The GPS subsystem calculates the theoretical pseudoranges and Doppler rates for each observable satellite, in turn. Assuming the inertial position and velocity are close to the actual receiver position and velocity, the local code generator produces a code that is close in phase to the corresponding code in the received satellite signal. Thus, as soon as each satellite is available, the GPS subsystem can quickly produce the correlation measurements that are used to determine GPS position.
The GPS subsystem must also resolve cycle ambiguities in order to determine the GPS position relative to the fixedposition receiver. The GPS subsystem first estimates the floating ambiguities associated with the RTK floating ambiguity filter 408. When the position is accurate as represented by the associated covariance, the GPS subsystem initializes a search space for the RTK fixed ambiguity filter 412, and the fixed ambiguity resolution process can begin.
During the ambiguity estimation process, the GPS subsystem uses the inertial position and associated covariance matrix to set the floating ambiguity position and covariance. The floating ambiguity estimation process normally takes up to 20 or 30 seconds to initialize a search space for the integer ambiguity filter, but the inertial aiding allows the initialization of the fixed ambiguity filter to start as soon as signals become available, thus shortening the resolution process considerably.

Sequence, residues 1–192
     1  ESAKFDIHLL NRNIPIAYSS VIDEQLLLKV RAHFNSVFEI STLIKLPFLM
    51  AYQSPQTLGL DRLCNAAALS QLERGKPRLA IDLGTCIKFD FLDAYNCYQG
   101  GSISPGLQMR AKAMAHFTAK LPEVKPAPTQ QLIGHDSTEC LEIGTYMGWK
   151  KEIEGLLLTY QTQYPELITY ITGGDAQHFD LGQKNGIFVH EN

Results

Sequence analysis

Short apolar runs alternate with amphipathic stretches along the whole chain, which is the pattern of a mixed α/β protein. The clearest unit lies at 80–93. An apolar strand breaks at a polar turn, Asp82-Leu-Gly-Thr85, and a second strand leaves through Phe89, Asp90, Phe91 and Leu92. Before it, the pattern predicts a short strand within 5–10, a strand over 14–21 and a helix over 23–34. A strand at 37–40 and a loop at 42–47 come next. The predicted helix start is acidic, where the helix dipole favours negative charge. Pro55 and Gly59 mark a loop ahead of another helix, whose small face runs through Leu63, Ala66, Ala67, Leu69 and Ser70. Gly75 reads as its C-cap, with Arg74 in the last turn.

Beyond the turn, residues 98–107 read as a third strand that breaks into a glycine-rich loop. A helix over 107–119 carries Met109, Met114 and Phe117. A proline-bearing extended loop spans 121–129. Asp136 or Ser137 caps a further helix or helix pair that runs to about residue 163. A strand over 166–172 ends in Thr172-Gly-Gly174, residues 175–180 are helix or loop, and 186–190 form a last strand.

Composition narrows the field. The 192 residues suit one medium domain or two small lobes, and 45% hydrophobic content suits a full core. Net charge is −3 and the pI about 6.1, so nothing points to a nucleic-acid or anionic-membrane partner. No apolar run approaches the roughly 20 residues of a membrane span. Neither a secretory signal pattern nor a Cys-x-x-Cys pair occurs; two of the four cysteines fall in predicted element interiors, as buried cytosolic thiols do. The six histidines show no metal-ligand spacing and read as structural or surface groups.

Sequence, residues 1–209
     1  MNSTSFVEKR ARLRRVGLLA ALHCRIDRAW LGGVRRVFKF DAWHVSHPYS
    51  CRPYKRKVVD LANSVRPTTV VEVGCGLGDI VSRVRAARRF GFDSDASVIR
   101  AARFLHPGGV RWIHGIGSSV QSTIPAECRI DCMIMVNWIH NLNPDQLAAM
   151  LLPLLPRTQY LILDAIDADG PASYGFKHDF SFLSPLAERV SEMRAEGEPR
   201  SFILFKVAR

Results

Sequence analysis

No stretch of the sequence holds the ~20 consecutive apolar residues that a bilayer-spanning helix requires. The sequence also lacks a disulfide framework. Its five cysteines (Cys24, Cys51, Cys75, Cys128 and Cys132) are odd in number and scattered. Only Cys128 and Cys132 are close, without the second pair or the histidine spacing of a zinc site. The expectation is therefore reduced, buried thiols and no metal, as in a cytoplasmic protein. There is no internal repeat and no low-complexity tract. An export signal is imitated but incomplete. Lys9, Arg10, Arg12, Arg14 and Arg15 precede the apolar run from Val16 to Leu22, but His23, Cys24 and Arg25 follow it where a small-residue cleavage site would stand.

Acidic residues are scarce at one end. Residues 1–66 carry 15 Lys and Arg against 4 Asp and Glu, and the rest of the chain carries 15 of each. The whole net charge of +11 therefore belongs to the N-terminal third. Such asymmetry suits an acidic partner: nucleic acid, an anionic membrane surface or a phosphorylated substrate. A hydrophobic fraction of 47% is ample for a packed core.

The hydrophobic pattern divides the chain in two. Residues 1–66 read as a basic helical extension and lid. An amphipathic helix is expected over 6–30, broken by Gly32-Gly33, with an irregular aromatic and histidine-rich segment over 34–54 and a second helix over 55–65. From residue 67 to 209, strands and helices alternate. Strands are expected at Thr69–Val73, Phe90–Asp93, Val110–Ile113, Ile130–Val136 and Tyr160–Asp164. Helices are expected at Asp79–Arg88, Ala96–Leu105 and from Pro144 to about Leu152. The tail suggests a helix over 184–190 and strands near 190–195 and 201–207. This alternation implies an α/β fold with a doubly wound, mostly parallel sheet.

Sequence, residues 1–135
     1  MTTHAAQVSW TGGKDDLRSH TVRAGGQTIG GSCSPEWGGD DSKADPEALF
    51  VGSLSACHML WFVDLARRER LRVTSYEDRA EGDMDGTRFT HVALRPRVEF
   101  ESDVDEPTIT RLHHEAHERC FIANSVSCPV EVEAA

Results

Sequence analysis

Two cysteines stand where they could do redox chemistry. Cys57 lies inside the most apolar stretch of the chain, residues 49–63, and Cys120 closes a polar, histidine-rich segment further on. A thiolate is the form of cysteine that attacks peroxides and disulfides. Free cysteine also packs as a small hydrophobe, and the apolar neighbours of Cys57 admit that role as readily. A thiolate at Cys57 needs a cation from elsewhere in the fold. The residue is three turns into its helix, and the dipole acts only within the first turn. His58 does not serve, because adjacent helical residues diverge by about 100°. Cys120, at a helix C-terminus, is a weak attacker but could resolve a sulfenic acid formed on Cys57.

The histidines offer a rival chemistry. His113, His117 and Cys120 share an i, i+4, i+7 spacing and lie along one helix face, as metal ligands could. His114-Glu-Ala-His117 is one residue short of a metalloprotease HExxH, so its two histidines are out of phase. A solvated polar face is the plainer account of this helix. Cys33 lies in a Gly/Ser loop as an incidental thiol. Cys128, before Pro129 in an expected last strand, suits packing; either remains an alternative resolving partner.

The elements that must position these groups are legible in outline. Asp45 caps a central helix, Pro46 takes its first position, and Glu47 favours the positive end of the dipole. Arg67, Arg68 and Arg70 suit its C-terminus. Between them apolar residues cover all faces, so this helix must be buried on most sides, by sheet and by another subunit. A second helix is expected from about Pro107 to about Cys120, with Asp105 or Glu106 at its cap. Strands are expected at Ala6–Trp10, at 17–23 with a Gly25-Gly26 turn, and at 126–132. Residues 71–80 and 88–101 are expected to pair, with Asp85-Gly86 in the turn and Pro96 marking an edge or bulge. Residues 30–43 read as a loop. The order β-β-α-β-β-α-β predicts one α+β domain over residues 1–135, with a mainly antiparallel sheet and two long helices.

As discussed above, the INS Kalman filter may also utilize other observables, such as, DMI measurements, for example, wheel pickoffs that are translated into along track differences. The INS subsystem collects the wheel pickoff measurements from the DMI at the 1 second GPS boundaries and uses the corresponding GPS position information, if available, to calibrate the wheel pickoff parameters for the measurement period. The INS subsystem then determines a corresponding change in position, i.e., the along track difference, as a geometric result based on a trajectory calculated using the inertial measurements taken over the same measurement period.
The change in position is directly observable with the along track difference, just as with the delta phase measurements. The along track difference provides the position change in geometric terms. The current position of the receiver can then be calculated using the along track differences and the GPS information from two or three GPS satellites. Further, the along track differences improve the geometric results of the position calculations when GPS information is available from 4 or more GPS satellites.
The GPS and other observable data are provided to the INS Kalman filter at the times the filter is updated. In the example above, the data is thus provided at the 1 second GPS boundaries. We have discussed the INS Kalman filter operations in terms of delta phase measurements and along track difference measurements. However, other observables may be used in addition to or instead of these particular observables. Further, we have described the time tagging of the inertial measurements in terms of a pulse produced by the IMU, where the pulse coincides with the first byte of the measurement data provided by the IMU. If, however, an IMU is used that does not produce the pulse, the IMU task may instead produce a pulse that corresponds to the time at which the first byte of data is provided to the task. The pulse causes the processor to read the count of a counter (not shown) that is slaved to GPS time, and the IMU task then reconstructs the corresponding GPS time from the count of the counter, as discussed in the copending application entitled INERTIAL GPS NAVIGATION SYSTEM, which is incorporated herein by reference.